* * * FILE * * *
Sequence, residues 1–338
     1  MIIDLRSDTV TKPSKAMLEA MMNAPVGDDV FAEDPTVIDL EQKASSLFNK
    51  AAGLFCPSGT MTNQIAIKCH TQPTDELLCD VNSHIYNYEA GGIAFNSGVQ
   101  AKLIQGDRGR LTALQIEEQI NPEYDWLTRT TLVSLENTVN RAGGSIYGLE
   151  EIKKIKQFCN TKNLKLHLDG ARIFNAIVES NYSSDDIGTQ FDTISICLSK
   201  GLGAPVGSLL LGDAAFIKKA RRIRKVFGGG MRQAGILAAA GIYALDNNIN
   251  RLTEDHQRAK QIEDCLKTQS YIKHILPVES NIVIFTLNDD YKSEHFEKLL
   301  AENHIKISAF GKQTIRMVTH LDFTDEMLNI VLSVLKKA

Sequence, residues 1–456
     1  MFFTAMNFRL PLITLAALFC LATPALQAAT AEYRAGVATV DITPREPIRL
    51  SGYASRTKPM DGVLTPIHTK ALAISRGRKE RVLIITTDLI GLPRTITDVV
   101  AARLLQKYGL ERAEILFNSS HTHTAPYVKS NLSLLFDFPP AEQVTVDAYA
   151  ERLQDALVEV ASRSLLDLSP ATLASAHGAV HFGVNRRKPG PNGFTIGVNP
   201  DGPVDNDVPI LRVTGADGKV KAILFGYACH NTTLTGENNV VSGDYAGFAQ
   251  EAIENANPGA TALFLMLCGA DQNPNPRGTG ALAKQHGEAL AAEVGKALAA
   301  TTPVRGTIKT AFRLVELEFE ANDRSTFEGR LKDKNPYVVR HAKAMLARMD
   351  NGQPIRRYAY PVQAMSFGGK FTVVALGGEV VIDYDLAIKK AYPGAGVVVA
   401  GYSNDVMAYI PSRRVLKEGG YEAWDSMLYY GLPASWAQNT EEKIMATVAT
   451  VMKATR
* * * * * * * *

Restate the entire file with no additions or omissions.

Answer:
Sequence, residues 1–338
     1  MIIDLRSDTV TKPSKAMLEA MMNAPVGDDV FAEDPTVIDL EQKASSLFNK
    51  AAGLFCPSGT MTNQIAIKCH TQPTDELLCD VNSHIYNYEA GGIAFNSGVQ
   101  AKLIQGDRGR LTALQIEEQI NPEYDWLTRT TLVSLENTVN RAGGSIYGLE
   151  EIKKIKQFCN TKNLKLHLDG ARIFNAIVES NYSSDDIGTQ FDTISICLSK
   201  GLGAPVGSLL LGDAAFIKKA RRIRKVFGGG MRQAGILAAA GIYALDNNIN
   251  RLTEDHQRAK QIEDCLKTQS YIKHILPVES NIVIFTLNDD YKSEHFEKLL
   301  AENHIKISAF GKQTIRMVTH LDFTDEMLNI VLSVLKKA

Sequence, residues 1–456
     1  MFFTAMNFRL PLITLAALFC LATPALQAAT AEYRAGVATV DITPREPIRL
    51  SGYASRTKPM DGVLTPIHTK ALAISRGRKE RVLIITTDLI GLPRTITDVV
   101  AARLLQKYGL ERAEILFNSS HTHTAPYVKS NLSLLFDFPP AEQVTVDAYA
   151  ERLQDALVEV ASRSLLDLSP ATLASAHGAV HFGVNRRKPG PNGFTIGVNP
   201  DGPVDNDVPI LRVTGADGKV KAILFGYACH NTTLTGENNV VSGDYAGFAQ
   251  EAIENANPGA TALFLMLCGA DQNPNPRGTG ALAKQHGEAL AAEVGKALAA
   301  TTPVRGTIKT AFRLVELEFE ANDRSTFEGR LKDKNPYVVR HAKAMLARMD
   351  NGQPIRRYAY PVQAMSFGGK FTVVALGGEV VIDYDLAIKK AYPGAGVVVA
   401  GYSNDVMAYI PSRRVLKEGG YEAWDSMLYY GLPASWAQNT EEKIMATVAT
   451  VMKATR